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Air Chief Marshal Sir Lewis Hodges KCB CBE DSO DFC* (deceased)
|Lewis Hodges flew with 49 Sqn from June 1940 until he was shot down over occupied France in Sept 1940 and taken prisoner by the Vichy French. He managed to escape and made his way back to England, rejoining 49 Sqn. He took part in the attacks against the German Channel dash operation in Feb 1942. In Nov of that year he joined 161 (Special Duties) Sqn, flying Halifaxes, Lysanders and Hudsons landing and parachuting agents into German occupied territory. Among the people he brought out of France were two future Presidents - Vincent Auriol and Francois Mitterand. He died 4th January 2007.|
Captain Murray Anderson DFC*
|Commissioned in the Royal Tank Regiment from RMA Woolwich in 1939, Murray Anderson was seconded to the Royal Air Force in 1940. He flew Spitfires with No.1 Photo Reconnaissance Unit at RAF Benson until 1943. He then joined 161 (Special Duties) Squadron flying Lysanders, and was the most successful pick up pilot for the whole of that year even though in May 1944 he was posted to 65 Squadron 2nd Tactical Air Force, flying Mustangs. After a rest period he was posted to 52 Sqn at Dum Dum in May 1945.|
Group Captain Hugh Verity DSO* DFC (deceased)
|Learning to fly in the Oxford University Air Squadron in 1938, Hugh Verity flew Beaufighters in Coastal Command and night fighter squadrons before volunteering to join 161 (Special Duties) Sqn. In 1943 he commanded this squadrons Lysander flight and became the Squadron Commander. On his 29 successful pick ups, of which 24 were in Lysanders, he brought back to England a total of 93 people from the meadows of occupied France, lit only by pocket torches. He died in 2001.|
Lieutenant Colonel Francis Cammaerts DSO (deceased)
|Born in 1916 the son of a Belgian poet Emile Cammaerts, he was a pacifist at the beginning of the war but his views changed when his brother was killed in the RAF, and in 1942 joined the Special Operations Executive (SEO). Flown to France (by Hugh Verity), he was to join a circuit which he soon found to be insecure. Over 15 months in the field he hardly ever stayed in the same house for more than a night or two. By 1944 he was the inspired leader of thousands of well trained and armed resistance fighters in the South of France. His sabotage teams excelled at cutting railway lines when the time was required after D-Day. Before the Allied landings in the South of France in August 1944, he was given command of all Allied missions in SE France. His guerilla army held open the Route Napoleon from Cannes to Grenoble to allow the Allied army to by-pass the strong enemy forces near the lower Rhone. He died 3rd July 2006.|
Wing Commander Len Ratcliff DSO DFC
|Len Ratcliff joined the RAFVR in early 1939 to train as a pilot. In 1941 he completed a full tour of 30 operations in Bomber Command with 49 Squadron. After a rest period he was posted to 161 (Special Duties ) Sqn as Flight Commander flying agents and supplies in and out of France, Belgium, Holland, Norway and Denmark. He then spent a period in charge of A.I.2.C at the very centre of clandestine activities in the whole of occupied Europe. He returned to 161 Squadron in 1943 as Flight Commander and later Squadron commander.|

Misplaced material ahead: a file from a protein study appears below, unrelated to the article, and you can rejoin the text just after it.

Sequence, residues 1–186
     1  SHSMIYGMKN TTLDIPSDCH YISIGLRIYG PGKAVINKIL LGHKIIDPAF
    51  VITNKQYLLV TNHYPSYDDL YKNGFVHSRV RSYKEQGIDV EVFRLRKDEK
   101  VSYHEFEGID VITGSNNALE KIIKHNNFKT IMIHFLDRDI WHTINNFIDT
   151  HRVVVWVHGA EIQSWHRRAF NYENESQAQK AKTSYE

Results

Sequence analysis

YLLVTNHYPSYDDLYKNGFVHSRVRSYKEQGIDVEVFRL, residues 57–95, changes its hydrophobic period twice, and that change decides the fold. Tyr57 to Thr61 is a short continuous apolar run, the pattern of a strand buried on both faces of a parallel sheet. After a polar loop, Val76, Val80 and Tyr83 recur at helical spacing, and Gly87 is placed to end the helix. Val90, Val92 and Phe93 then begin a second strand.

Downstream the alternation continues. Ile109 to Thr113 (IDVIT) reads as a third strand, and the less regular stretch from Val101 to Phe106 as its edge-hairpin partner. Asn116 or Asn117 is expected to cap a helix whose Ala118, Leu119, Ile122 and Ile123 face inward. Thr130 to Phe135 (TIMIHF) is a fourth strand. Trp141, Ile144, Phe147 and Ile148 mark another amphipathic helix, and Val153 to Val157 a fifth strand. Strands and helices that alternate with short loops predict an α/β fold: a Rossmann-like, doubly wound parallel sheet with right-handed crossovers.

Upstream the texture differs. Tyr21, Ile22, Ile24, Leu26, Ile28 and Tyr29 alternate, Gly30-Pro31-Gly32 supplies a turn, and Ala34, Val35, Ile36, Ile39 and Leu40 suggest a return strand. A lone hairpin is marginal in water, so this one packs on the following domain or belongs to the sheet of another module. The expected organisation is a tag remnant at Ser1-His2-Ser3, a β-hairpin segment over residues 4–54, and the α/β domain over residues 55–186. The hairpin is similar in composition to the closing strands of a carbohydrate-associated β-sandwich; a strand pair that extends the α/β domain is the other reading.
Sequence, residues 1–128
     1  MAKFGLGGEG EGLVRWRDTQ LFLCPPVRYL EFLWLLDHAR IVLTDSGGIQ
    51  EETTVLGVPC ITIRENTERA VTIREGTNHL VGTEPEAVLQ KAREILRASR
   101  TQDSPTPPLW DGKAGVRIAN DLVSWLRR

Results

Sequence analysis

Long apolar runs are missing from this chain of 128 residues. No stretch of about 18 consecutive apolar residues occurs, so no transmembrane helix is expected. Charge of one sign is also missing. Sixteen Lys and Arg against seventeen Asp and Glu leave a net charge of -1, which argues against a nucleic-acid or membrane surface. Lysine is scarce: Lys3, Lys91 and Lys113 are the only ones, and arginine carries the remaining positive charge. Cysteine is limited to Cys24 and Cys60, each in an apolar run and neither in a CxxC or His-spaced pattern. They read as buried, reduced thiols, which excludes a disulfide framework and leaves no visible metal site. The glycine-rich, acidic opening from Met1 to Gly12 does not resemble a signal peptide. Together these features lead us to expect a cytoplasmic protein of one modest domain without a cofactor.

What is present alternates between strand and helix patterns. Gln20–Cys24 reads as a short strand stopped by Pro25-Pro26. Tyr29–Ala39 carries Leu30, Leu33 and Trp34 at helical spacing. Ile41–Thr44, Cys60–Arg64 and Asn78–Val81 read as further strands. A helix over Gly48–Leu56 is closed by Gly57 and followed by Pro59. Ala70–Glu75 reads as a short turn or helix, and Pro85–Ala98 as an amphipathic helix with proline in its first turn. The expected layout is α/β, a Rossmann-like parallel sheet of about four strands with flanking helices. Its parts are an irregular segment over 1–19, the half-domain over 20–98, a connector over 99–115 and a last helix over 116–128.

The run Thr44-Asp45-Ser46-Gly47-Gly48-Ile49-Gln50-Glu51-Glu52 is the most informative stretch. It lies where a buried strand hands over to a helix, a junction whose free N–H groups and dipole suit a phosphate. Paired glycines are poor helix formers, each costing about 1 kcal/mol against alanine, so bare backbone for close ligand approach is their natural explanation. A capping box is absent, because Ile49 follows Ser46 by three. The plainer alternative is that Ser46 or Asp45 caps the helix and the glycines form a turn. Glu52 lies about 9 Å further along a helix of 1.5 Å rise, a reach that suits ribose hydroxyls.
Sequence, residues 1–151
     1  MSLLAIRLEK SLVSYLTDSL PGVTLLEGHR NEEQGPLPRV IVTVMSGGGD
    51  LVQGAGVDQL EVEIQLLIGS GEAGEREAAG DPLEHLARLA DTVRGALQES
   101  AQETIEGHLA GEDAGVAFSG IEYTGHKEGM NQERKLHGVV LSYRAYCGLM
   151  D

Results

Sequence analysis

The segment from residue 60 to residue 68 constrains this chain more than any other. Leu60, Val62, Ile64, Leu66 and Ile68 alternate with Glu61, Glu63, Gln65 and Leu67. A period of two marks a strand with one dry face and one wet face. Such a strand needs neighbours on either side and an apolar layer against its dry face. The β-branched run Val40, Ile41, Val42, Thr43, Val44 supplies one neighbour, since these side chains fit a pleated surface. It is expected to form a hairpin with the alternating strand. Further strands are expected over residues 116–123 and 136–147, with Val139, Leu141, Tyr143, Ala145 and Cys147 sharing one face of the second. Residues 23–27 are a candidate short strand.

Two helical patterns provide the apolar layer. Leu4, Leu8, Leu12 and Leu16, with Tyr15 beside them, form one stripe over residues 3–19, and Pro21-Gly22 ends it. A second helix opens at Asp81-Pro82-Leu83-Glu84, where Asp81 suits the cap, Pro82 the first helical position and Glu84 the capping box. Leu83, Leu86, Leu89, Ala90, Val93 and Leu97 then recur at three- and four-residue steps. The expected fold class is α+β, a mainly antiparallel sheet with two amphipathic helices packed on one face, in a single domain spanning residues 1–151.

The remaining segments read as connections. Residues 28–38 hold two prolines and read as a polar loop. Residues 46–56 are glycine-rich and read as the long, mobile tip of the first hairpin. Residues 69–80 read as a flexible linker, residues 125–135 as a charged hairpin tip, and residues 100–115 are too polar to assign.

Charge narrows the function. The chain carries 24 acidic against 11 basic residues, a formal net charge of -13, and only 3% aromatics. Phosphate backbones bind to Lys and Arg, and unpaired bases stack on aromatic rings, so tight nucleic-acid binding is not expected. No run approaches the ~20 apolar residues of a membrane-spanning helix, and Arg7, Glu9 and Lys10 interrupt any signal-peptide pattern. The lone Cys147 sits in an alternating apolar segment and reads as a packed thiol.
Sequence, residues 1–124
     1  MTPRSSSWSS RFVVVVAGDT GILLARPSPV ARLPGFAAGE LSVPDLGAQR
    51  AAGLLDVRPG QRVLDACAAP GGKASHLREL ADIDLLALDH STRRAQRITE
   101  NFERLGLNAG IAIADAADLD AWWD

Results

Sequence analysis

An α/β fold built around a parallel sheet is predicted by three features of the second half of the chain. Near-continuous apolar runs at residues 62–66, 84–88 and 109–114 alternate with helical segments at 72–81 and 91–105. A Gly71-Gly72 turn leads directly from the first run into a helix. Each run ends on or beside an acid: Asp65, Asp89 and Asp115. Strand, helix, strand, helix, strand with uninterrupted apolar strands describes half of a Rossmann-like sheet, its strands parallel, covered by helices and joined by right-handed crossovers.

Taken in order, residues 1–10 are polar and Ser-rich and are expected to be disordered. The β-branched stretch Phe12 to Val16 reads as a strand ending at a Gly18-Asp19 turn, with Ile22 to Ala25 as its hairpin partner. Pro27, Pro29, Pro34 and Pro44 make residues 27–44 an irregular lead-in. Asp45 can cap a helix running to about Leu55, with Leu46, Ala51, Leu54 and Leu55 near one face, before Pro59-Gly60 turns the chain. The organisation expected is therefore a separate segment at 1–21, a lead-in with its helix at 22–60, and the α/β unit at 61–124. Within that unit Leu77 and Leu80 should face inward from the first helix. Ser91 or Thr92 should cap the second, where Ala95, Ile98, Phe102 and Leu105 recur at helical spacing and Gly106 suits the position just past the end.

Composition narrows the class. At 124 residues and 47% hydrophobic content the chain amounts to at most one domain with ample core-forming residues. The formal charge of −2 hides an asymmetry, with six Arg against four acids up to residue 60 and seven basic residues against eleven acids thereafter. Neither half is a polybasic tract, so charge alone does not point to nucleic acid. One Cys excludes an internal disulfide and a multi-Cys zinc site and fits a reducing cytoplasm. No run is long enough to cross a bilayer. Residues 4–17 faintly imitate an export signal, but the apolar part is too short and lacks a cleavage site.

|The Aircraft :|
|Lysander||The first Lysanders entered service in June 1938, equipping squadrons for army co-operation and were initially used for message-dropping and artillery spotting. When war broke out in Europe, the earlier Mk Is had been largely replaced by Mk IIs, the older machines heading for the Middle East. Some of these aircraft, now designated type L.1, operated with the Chindits of the British Indian Army in the Burma Campaign of the Second World War. Four regular squadrons equipped with Lysanders accompanied the British Expeditionary Force to France in October 1939, and were joined by a further squadron early in 1940. Following the German invasion of France and the low countries on 10 May 1940, the Lysanders were put into action as spotters and light bombers. In spite of occasional victories against German aircraft, they made very easy targets for the Luftwaffe even when escorted by Hurricanes. Withdrawn from France during the Dunkirk evacuation, they continued to fly supply-dropping missions to Allied forces from bases in England; on one mission to drop supplies to troops trapped at Calais, 14 of 16 Lysanders and Hawker Hectors that set out were lost. 118 Lysanders were lost in or over France and Belgium in May and June 1940, of a total of 175 deployed. With the fall of France, it was clear that the type was unsuitable for the coastal patrol and army co-operation role, being described by Air Marshal Arthur Barratt, commander-in-chief of the British Air Forces in France as "quite unsuited to the task; a faster, less vulnerable aircraft was required." Nevertheless, throughout the remainder of 1940, Lysanders flew dawn and dusk patrols off the coast and in the event of an invasion of Britain, they were tasked with attacking the landing beaches with light bombs and machine guns. They were replaced in the home-based army co-operation role from 1941 by camera-equipped fighters such as the Curtiss Tomahawk and North American Mustang carrying out reconnaissance operations, while light aircraft such as the Taylorcraft Auster were used to direct artillery. Some UK-based Lysanders went to work operating air-sea rescue, dropping dinghies to downed RAF aircrew in the English Channel. Fourteen squadrons and flights were formed for this role in 1940 and 1941. In August 1941 a new squadron, No. 138 (Special Duties), was formed to undertake missions for the Special Operations Executive to maintain clandestine contact with the French Resistance. Among its aircraft were Lysander Mk IIIs, which flew over and landed in occupied France. While general supply drops could be left to the rest of No. 138's aircraft, the Lysander could insert and remove agents from the continent or retrieve Allied aircrew who had been shot down over occupied territory and had evaded capture. For this role the Mk IIIs were fitted with a fixed ladder over the port side to hasten access to the rear cockpit and a large drop tank under the belly. In order to slip in unobtrusively the Lysanders were painted matte black; operations almost always took place within a week of a full moon, as moonlight was essential for navigation. The aircraft undertook such duties until the liberation of France in 1944. The Lysanders flew from secret airfields at Newmarket and later Tempsford, but used regular RAF stations to fuel-up for the actual crossing, particularly RAF Tangmere. Flying without any navigation equipment other than a map and compass, Lysanders would land on short strips of land, such as fields, marked out by four or five torches. They were originally designed to carry one passenger in the rear cockpit, but for SOE use the rear cockpit was modified to carry two passengers in extreme discomfort in case of urgent necessity. The pilots of No. 138 and from early 1942, No. 161 Squadron transported 101 agents to and recovered 128 agents from Nazi-occupied Europe. The Germans knew little about the British aircraft and wished to study one. Soldiers captured an intact Lysander in March 1942 when its pilot was unable to destroy it after a crash, but a train hit the truck carrying the Lysander, destroying the cargo|